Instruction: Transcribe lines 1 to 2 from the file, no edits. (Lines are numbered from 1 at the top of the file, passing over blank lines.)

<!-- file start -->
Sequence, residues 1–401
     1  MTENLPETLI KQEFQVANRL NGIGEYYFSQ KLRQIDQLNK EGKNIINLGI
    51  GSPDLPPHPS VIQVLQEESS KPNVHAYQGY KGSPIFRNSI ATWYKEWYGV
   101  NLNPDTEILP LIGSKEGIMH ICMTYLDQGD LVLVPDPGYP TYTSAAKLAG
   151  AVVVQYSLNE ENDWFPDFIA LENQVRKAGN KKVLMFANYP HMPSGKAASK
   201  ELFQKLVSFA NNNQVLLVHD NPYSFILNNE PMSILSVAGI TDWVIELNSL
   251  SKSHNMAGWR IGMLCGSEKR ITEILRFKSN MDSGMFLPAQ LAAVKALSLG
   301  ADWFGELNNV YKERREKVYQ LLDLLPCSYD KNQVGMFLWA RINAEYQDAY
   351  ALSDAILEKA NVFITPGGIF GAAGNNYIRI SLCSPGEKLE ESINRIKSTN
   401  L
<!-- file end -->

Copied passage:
Sequence, residues 1–401
     1  MTENLPETLI KQEFQVANRL NGIGEYYFSQ KLRQIDQLNK EGKNIINLGI